Will Facebook’s new News Feed algorithm proliferate the sheep-engagement effect?

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  • August 22, 2013
Fi Dunphy

Fi Dunphy

Content and Social Strategist

Facebook will soon be changing what we see in our News Feeds from our networks.

The current News Feed algorithm takes into account what kind of content we are engaging with, how old it is, how we’re engaging with it (i.e. click, share, like, comment etc.), and what relationship we have to those we’re engaging with.

The new algorithm, on the other hand, is going to show the most popular content at the top of the Feed – that is, the content that incites the most clicks, likes, comments and shares.

The one problem I’ve considered with the old News Feed algorithm is that there may well be people and brands whose content and status updates I’d probably enjoy, but because I never engage with them, I’m very unlikely to see anything from them … Thus, we have a vicious circle.

With the new algorithm, however, users are more likely to see content from people in their network who they hadn’t engaged with – if it’s deemed popular by others, regardless of our relationship to or engagement with the poster. This is known as ‘story bumping’.

Facebook sheep engagement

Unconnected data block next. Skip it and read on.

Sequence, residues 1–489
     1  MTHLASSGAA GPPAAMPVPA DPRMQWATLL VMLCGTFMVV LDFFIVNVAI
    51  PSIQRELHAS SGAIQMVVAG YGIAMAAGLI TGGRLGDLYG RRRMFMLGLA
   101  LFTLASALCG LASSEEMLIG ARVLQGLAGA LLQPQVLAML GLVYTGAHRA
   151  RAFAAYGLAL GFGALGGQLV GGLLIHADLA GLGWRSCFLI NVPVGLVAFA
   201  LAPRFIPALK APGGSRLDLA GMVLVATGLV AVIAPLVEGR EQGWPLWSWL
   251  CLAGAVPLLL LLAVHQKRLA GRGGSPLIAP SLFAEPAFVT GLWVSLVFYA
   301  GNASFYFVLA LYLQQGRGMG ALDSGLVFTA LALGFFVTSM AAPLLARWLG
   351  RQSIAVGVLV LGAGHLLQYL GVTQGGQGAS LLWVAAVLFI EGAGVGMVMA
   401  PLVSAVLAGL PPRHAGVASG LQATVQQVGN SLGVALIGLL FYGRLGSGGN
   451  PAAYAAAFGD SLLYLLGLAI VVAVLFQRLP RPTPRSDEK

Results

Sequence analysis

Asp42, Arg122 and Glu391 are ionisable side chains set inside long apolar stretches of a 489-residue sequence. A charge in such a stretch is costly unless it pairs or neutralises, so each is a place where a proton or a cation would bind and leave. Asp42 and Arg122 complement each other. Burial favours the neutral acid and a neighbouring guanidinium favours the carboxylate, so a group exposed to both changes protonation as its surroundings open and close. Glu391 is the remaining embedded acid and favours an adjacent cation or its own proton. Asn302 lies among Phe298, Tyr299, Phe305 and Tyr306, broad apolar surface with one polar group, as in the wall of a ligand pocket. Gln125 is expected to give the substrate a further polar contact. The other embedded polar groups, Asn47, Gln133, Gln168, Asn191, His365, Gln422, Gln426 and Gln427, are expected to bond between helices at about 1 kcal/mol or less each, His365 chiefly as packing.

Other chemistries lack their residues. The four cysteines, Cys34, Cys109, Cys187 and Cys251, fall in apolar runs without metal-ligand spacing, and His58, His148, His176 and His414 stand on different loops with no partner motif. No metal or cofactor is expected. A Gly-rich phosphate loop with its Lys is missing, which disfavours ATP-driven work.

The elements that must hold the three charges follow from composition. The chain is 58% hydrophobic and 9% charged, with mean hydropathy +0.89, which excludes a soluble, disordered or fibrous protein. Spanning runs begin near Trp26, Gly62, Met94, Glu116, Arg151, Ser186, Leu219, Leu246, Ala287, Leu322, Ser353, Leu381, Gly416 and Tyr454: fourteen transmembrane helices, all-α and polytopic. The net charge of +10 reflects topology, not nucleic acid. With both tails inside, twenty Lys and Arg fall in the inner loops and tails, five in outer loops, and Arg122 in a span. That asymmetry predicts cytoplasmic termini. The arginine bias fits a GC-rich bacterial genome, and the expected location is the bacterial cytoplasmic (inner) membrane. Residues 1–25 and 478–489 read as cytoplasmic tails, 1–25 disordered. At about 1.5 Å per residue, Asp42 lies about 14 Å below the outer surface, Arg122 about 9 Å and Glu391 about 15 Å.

For marketers and brands, story bumping will mean that it’s now even more important that they consider what content they’re posting, in that it should be even more engagement-driving than ever – the more engagement posts get, the longer posts will stay at the top of users’ Feeds, and the more impressions they’ll acquire.

Marketers and brands may also have more options when it comes to how they advertise with Facebook.

However – I read an article earlier this month called The Science of Reddit: Why Some Ideas Dominate the Net, which outlined the study conducted by MIT’s Sinan Aral, which examined how stories become popular on news aggregator sites like Reddit.

Aral found that he could experimentally boost the popularity of articles 32 per cent by posting them with an initial few likes. Basically, we’re all a bit sheep-like, and we tend to engage with content that we can see is popular.

So does this mean that content from bigger brands with larger audiences and already-high engagement is going to get an unfair advantage over content from smaller brands with smaller audiences?

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